The union is demanding that Ottawa reverse its decision and maintain a stewardship fishery for cod, citing what they believe could be the detrimental impacts of foreign draggers now having access to the stock. O’Regan says once the stock goes from the critical to the cautious zone, and enough fishing has happened that it is essentially a commercial fishery, there are certain obligations that kick in. He says the cod quota can’t be increased to the point where it crosses certain lines and then say ‘nothing to see here.’ O’Regan says that the NAFO agreements are binding, and if people want an increase to the quota there are obligations they have to keep. more, >>CLICK TO READ<< 08:24

NJ record lobster caught by Ocean County diver July 4; no one will ever beat that record

While you’re sitting around the grill this July 4 holiday, raise a glass to William Sharp, who caught the mother of all New Jersey lobsters on this day in 2003. He was diving on the sunken remains of the Almirante, an old banana boat that everyone knows as the “flour wreck,” which is a story unto itself. The 378-foot freighter belonged to the United Fruit Co. and was steaming from New York City to Colon, Panama, with a full cargo hold. It was under one of those twisted, steel plates that Sharp, a retired Navy shipyard worker, had his standoff with what would turn out to be a New Jersey state record lobster. With the water cloudy with floating sand particles, Sharp won his tug of water and surfaced with the biggest lobster ever caught by a diver in New Jersey waters since the state started keeping records. more, >>CLICK TO READ<< 06:41

Celebrating our Independence on July 4, 2024. God Bless America.


Copper River/PWS catch exceeds 1M salmon 

Commercial salmon harvests for the Copper River and the rest of Prince William Sound have now exceeded one million fish, including an estimated 959,946 sockeyes, in a season where retail prices continue to vary from $37.95 to $12.99 a pound. As more commercial fisheries opened statewide, Copper River, Bering River and Coghill district harvesters embarked June 24 on 36-hour commercial drift gillnet openers, and the Eshamy district began a 24-hour fishery. Commercial harvesters in the Unakwik, Montague and Southwestern districts were also fishing. As of late Monday, June 24, the salmon harvest in Prince William Sound stood at 973,000 sockeyes, 549,000 chum, 6,000 Chinook, and 1,000 pinks. Cook Inlet anglers had 42,000 sockeyes, and Bristol Bay districts — which are just getting started — had delivered 228,000 reds, bringing the Central Region total to 1.8 million fish, including 1.2 million sockeyes, 549,000 chum, 6,000 Chinooks, and 1,000 humpies. more, >>CLICK TO READ<< 19:12

Folkestone Trawler Race cancelled for 2024 after attracting 10,000 people to town’s harbour

An annual water festival celebrating a town’s fishing industry has been cancelled following “safety” fears caused by a lack of funding. Organizers have confirmed Folkestone’s Trawler Race will not go ahead this summer which sees the town’s fishermen take to the sea and race around the harbour. However, organiser Cath Mison has announced this year’s gala will not feature as planned. “We have made the decision to save what funds we have already and apply to other funding avenues so we can put on a spectacular event for the Trawler Race’s 50th Anniversary in 2025. “It has been a difficult decision, but we can not deliver this year’s event effectively and safely. more, >>CLICK TO READ<< 12:32

Southeast Texas shrimpers have chance to voice concerns about ‘shrimp dumping’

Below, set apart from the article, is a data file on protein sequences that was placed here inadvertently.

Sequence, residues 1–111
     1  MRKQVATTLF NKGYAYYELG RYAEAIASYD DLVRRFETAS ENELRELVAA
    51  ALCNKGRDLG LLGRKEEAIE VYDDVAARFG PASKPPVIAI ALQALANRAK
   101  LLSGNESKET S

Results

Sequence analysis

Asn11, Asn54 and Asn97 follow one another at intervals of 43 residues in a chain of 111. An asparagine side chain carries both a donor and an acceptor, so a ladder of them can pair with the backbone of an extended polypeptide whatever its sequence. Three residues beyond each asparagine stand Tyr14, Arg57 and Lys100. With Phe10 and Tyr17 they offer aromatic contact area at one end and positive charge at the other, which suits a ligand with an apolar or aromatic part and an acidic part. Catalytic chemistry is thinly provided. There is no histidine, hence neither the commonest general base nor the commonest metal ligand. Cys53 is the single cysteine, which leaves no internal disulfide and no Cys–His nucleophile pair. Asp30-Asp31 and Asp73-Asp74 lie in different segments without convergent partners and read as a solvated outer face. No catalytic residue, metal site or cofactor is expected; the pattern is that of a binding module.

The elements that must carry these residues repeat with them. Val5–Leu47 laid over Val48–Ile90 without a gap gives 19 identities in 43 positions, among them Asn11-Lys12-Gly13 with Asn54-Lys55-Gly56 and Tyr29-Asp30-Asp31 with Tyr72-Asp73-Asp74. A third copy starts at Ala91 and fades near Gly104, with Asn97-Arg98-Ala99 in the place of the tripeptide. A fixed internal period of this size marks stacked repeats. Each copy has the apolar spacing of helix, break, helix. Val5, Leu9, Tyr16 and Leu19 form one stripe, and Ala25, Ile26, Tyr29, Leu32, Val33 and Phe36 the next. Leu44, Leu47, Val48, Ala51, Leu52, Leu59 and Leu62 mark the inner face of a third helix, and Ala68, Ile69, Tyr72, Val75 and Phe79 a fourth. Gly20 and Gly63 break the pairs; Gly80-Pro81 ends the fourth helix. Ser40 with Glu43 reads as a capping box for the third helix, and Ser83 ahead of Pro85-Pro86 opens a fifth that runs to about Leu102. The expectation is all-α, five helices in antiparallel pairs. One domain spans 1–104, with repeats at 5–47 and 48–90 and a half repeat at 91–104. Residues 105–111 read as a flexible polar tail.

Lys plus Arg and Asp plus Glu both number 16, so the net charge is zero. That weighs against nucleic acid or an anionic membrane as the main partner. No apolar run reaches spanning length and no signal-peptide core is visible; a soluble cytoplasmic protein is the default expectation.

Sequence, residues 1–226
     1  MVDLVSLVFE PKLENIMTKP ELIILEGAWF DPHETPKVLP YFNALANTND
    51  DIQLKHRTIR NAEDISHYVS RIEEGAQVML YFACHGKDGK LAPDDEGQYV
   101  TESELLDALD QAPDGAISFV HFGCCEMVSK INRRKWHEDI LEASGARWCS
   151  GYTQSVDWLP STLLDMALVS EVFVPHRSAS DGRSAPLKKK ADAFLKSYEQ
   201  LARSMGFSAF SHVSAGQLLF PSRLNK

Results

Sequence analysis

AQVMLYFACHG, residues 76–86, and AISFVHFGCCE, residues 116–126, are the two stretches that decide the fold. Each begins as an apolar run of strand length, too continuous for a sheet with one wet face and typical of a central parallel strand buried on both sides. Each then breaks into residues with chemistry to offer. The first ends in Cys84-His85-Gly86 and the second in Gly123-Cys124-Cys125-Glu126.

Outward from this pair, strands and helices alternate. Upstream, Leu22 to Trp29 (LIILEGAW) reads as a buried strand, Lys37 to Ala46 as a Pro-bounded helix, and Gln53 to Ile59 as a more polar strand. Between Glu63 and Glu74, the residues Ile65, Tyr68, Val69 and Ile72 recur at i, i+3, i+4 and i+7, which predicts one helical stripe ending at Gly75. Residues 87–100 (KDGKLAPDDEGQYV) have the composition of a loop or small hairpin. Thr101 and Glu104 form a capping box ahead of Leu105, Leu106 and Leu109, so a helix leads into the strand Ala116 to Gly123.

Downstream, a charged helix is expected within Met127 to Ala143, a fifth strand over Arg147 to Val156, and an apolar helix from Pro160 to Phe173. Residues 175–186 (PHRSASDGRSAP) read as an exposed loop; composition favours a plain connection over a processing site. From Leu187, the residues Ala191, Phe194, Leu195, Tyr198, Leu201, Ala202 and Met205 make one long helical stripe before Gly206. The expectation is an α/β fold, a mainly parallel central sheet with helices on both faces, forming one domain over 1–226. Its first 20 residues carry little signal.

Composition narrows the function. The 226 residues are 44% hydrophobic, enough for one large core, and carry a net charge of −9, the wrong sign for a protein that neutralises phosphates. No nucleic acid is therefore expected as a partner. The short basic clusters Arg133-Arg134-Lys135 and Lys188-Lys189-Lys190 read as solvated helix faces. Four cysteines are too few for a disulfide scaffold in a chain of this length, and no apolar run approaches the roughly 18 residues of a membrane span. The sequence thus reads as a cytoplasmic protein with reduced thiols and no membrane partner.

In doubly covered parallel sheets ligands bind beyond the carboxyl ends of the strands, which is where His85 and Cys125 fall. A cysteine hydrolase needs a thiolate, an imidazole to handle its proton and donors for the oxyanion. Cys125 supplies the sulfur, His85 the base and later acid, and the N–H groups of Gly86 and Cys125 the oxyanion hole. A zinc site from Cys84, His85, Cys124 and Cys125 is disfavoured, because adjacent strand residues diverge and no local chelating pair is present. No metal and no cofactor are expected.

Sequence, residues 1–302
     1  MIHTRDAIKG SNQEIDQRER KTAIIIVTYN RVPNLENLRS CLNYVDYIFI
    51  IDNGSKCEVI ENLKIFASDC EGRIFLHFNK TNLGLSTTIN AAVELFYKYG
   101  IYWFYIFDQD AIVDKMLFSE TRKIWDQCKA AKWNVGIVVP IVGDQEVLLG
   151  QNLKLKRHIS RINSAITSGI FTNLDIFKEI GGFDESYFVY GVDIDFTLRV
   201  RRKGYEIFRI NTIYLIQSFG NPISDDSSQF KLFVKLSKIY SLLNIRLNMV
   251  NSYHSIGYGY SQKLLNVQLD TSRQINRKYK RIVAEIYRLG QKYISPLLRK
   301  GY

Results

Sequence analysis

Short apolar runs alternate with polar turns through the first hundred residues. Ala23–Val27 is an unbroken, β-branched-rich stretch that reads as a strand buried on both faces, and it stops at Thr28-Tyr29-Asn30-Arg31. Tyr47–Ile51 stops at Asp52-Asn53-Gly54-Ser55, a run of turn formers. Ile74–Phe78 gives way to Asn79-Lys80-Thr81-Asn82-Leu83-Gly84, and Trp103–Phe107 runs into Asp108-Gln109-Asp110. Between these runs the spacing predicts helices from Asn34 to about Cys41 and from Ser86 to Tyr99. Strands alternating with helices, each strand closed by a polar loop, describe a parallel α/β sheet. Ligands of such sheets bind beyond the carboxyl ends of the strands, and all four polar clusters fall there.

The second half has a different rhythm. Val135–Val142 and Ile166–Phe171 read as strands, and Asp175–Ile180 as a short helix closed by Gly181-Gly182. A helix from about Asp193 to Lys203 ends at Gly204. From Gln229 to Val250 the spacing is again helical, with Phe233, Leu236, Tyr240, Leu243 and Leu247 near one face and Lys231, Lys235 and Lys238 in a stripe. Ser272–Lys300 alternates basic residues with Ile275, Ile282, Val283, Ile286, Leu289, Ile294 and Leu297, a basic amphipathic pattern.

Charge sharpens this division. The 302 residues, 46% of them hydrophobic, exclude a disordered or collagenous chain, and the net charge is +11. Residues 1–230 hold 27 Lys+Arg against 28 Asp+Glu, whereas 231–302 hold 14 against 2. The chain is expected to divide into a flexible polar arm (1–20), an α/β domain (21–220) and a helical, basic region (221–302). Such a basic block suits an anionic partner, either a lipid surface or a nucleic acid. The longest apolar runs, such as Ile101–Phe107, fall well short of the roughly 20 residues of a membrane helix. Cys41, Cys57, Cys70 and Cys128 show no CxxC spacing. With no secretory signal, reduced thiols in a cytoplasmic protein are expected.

Southeast Texas shrimpers are fighting to protect their livelihoods amid shrimp dumping. Shrimp dumping involves the heavy import of foreign shrimp that gets “dumped” into the American market. Now, the United States International Trade Commission wants shrimpers to fill out a questionnaire and document their struggles. On Tuesday, a meeting was held at the International Seafarer Center in Port Arthur. It was filled with dozens of shrimpers eager to learn about what is happening with their fight against foreign shrimp import dumping. At Tuesday’s meeting, fishermen listened to legislative updates about a petition they submitted last year to the Department of Commerce and the International Trade Commission about shrimp dumping being investigated. Video, more, >>CLICK TO READ<< 09:28

Spectre of draggers returning to cod fishery drives FFAW to call to reinstate moratorium

Newfoundland and Labrador’s fisheries union is calling on the federal government to revert its decision to end the moratorium on cod fishing and reinstate a stewardship fishery, a week after the federal Liberal government called the move “a historic milestone.” Greg Pretty, president of the Fish, Food and Allied Workers union (FFAW), told reporters in a press conference on Tuesday — the 32nd anniversary of the 1992 cod moratorium — there’s real concern that everything done over the last 32 years to rebuild the stock will be undone if offshore draggers, both Canadian and international, are allowed to fish cod in Newfoundland and Labrador waters again. more, >>CLICK TO READ<< 07:38

Athearn Marine Agency Boat of the Week: 40′ Novi Scalloper/Permits, John Deere Diesel

To review specifications, information, and 4 photos’, >click here< To see all the boats in this series, >click here< 06: 05

How the Supreme Court rescued my NJ fishing firm that bureaucrats almost sank

The Supreme Court just sided with my New Jersey-based, family-owned fishing business, and may have even saved it. That’s the reality of the court’s June 28 decision in a case called Loper Bright Enterprises v. Raimondo, which overturned the “Chevron doctrine” that gave unchecked power to federal bureaucrats. Yet the media reaction hasn’t focused on what the ruling means for regular people and job creators like me. The pundits say that Washington, DC, will descend into chaos because the justices stopped unelected and unaccountable bureaucrats from deciding for themselves what’s “reasonable” under federal law. But as I can attest, that power quickly leads to abuse. The Supreme Court has protected the American people from regulators run amok, and from a Congress that won’t do its job. I was one of the small business owners who sued the federal government in this case. By Wayne Reichle, more, >>CLICK TO READ<< 21:20